Laurie Halse Anderson

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Chains: Chapter 13 Summary & Analysis

As Isabel is coming down the stairs with Madam’s full chamber pot the next morning, Master Lockton comes in the front door. He clearly doesn’t suspect Isabel of spying and heads upstairs to Madam, who’s frantically packing. When Isabel gets back inside after washing out the pot, she can hear the Locktons shouting and joins Ruth and Becky at the foot of the stairs to listen. They can hear them throwing things, and then Madam cries in pain. Becky explains that Master Lockton wants to be obeyed, and he doesn’t want to go to Charleston. A bit later, the fighting stops, and Isabel takes ale and a cool compress upstairs to Madam. Madam puts the compress on her split lip and scolds Isabel for leaving candle wax on the floor for her to slip on. Isabel apologizes for the crime she didn’t commit.
Madam is the victim of domestic abuse—she’s not as free in her own home as one might expect, given that she’s a wealthy white woman. She still has to obey her husband, and under the standards of the time, it’s within his rights to violently make sure she does. This, of course, doesn’t excuse the abusive way Madam treats Isabel, and this doesn’t mean that Madam has compassion for others. Indeed, she perpetuates a cycle of violence when she scolds Isabel and makes Isabel apologize for a misdeed she didn’t commit, all to make it seem like Lockton didn’t hit her.
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In the following weeks, Isabel regularly serves Lockton and his friends. Nobody says anything interesting, though Isabel discovers that Lockton suspects one of his friends of exposing him to the patriots. Every day, Becky returns from the marketplace with gossip. Isabel tries to take Momma’s advice to ignore it.
If Isabel is serving Lockton and his male friends, it shows that Lockton trusts her and doesn’t suspect her of spying. Again, this is simultaneously dehumanizing and a relief: Isabel isn’t treated like a person, but she’s not in danger, either.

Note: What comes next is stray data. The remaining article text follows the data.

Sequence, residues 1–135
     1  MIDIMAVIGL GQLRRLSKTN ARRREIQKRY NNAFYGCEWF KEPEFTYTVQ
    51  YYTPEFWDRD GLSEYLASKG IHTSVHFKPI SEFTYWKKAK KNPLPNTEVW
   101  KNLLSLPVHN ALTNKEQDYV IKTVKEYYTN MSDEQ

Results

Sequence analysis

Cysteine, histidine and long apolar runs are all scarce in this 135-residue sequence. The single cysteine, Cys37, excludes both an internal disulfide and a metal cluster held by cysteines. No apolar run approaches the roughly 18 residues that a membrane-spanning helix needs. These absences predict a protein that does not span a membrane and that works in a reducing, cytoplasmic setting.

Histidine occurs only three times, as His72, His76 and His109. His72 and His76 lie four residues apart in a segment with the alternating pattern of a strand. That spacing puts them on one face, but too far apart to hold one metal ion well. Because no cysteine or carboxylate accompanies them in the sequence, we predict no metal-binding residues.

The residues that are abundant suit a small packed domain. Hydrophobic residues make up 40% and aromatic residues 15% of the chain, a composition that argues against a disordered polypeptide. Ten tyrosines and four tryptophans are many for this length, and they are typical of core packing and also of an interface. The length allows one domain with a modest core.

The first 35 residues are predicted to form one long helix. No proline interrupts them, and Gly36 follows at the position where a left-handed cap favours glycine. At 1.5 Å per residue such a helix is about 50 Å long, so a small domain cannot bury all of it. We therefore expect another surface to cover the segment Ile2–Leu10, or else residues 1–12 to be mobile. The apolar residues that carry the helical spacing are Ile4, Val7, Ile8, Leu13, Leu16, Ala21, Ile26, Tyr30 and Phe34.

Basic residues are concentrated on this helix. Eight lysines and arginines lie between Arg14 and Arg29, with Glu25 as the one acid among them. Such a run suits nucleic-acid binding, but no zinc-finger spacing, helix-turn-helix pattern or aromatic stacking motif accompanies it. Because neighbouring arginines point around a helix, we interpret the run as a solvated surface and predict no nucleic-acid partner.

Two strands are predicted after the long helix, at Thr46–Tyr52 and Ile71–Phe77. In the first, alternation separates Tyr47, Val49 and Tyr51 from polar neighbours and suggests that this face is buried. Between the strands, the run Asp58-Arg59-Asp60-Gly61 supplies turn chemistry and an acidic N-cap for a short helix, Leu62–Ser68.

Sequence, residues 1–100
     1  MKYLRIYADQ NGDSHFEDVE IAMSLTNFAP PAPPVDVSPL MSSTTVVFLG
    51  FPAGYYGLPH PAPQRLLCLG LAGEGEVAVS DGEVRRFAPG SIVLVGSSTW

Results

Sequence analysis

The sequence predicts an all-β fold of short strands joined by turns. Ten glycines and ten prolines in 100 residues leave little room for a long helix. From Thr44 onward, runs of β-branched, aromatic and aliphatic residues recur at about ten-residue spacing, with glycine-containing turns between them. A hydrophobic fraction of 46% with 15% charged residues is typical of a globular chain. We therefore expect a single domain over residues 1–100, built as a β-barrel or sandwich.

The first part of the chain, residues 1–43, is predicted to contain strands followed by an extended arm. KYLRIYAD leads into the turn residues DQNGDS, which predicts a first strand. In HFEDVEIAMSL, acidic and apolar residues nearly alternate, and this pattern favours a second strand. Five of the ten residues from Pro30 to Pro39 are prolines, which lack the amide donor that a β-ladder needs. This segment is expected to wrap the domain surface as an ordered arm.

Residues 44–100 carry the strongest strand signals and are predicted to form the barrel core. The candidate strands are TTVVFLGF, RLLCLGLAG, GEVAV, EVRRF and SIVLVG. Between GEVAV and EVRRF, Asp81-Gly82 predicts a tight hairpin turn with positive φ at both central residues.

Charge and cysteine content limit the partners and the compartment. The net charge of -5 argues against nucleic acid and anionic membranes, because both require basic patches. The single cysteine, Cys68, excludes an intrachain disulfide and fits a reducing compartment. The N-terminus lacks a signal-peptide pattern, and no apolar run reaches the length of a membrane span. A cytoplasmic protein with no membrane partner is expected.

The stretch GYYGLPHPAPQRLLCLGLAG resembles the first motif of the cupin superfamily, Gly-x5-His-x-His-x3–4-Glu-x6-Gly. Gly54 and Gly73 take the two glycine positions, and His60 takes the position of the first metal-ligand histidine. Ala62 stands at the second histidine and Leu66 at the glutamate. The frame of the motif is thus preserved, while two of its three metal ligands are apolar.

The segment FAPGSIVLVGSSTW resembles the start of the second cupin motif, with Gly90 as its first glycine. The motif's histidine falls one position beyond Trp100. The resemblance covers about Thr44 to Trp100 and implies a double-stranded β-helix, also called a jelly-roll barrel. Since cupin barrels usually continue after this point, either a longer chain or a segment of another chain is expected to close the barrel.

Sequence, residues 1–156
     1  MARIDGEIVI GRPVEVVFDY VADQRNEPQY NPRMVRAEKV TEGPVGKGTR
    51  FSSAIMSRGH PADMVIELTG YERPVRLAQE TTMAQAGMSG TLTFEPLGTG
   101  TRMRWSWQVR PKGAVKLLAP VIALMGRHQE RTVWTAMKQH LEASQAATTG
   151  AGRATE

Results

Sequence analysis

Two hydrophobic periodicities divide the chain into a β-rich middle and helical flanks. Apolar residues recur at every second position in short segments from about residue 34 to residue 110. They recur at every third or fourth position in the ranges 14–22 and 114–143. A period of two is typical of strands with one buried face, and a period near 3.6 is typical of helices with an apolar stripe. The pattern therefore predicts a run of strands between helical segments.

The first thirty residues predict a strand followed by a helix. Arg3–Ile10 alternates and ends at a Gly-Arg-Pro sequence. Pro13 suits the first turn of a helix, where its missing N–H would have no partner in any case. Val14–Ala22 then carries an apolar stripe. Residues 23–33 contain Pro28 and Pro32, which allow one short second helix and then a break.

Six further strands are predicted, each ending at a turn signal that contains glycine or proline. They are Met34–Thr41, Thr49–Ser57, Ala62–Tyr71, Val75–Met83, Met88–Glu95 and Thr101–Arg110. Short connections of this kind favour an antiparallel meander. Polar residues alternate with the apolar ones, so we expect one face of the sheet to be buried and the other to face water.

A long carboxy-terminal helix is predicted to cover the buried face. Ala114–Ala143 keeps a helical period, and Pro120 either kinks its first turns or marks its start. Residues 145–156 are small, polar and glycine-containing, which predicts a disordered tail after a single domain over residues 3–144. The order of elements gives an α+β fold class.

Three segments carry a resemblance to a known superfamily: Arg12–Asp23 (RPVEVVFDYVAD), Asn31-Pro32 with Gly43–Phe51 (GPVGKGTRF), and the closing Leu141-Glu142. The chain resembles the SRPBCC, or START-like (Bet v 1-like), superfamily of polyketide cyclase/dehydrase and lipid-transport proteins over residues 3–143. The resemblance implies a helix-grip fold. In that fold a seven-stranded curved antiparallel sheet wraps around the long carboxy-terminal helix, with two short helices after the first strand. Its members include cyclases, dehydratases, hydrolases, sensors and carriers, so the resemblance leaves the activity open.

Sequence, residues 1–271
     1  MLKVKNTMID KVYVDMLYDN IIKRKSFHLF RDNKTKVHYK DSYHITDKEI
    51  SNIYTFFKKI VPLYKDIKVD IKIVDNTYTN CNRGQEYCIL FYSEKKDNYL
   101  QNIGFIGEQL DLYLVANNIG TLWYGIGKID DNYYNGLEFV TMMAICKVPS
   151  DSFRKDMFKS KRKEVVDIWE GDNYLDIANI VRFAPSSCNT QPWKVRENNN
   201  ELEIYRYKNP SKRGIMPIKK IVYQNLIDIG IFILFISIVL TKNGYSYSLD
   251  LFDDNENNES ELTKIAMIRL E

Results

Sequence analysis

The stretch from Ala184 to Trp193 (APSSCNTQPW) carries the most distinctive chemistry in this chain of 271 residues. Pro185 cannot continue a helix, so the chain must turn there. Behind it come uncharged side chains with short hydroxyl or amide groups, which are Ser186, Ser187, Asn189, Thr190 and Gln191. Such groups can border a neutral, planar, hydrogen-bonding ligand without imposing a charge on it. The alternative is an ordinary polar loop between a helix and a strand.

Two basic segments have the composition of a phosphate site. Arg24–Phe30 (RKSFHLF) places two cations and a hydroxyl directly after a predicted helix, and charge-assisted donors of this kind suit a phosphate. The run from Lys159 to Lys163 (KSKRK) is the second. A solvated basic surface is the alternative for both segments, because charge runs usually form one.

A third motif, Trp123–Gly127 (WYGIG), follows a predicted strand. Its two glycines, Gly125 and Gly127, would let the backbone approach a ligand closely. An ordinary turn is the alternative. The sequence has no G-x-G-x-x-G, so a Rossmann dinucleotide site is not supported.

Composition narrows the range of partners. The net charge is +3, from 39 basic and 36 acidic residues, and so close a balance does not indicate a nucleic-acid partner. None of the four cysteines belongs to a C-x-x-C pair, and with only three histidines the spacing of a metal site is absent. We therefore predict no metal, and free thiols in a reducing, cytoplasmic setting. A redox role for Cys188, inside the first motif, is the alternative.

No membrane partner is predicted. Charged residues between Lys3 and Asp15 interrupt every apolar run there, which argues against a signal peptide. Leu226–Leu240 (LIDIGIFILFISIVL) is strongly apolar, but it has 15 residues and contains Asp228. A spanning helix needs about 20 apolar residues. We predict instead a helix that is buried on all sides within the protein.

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Isabel comes to love her trips to the Tea Water Pump. A week after Lockton returns home, Isabel stands in line with Curzon and gives her buckets to the old enslaved man who works the pump. He has marks on his cheeks from an African coming-of-age ritual, just like Poppa, so Isabel is always very nice to him. Curzon calls the man Grandfather, which shocks Isabel—she didn’t know Curzon had family here. But Grandfather explains that he’s just everyone’s grandfather. 
Isabel wants to connect to her family members, which is why she latches onto Grandfather like this. Grandfather implies that he doesn’t mind this at all: he’s here to support everyone, whether they’re related by blood or not. He will, in other words, be happy to be a chosen family member to other enslaved people, thereby helping ease the pain caused by slavery splitting up people’s families through sales and murder. 
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Once Isabel and Curzon are a few blocks from the pump, Isabel asks why nobody has arrested Lockton. Curzon says the patriots need solid proof, like letters or maps. Isabel jokes about procuring the King from the pantry, and Curzon says she’d get a medal for that. Isabel would rather get a fast ship home, but Curzon insists she can’t sail now. She’d be captured by British ships and sold in the islands. Soon, Curzon says, they’ll be free, along with the rest of the country. He warns Isabel that the patriots have more to worry about than two little enslaved girls, but Isabel retorts that she has more to worry about than Curzon’s patriot army.
The differences between Isabel and Curzon start to shine through here. For Curzon, it’s important to support the Patriots because of what they espouse: that all men should be free. For Isabel, the words are nice, but not if the Patriots can’t (or won’t) actually help her. Her main focus is protecting herself and Ruth, and so while she can’t entirely escape politics and the war, she’s choosing to seriously limit her involvement unless it becomes clear that one side or the other can help her.
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As it starts to stay light longer, Isabel airs out her and Ruth’s pallet and blanket. She makes Ruth a new doll out of cornhusks. One night, when Isabel is restless, she sneaks out of bed after midnight and sneaks into Lockton’s study. She pulls Robinson Crusoe off a shelf and reads by the fire until she starts to fall asleep. The following night, Isabel plants Momma’s seeds. They’re a comfort, though Isabel doesn’t know what they’ll become.
It helps Isabel to feel competent and like she can protect Ruth when she makes Ruth this doll. Now, Ruth can have the comfort she craves. Planting Momma’s seeds is a way for Isabel to connect with her past—and planting them symbolizes the start of Isabel’s own coming-of-age journey. She doesn’t know what she’ll become—but she’s starting to grow and change, just like the seeds.
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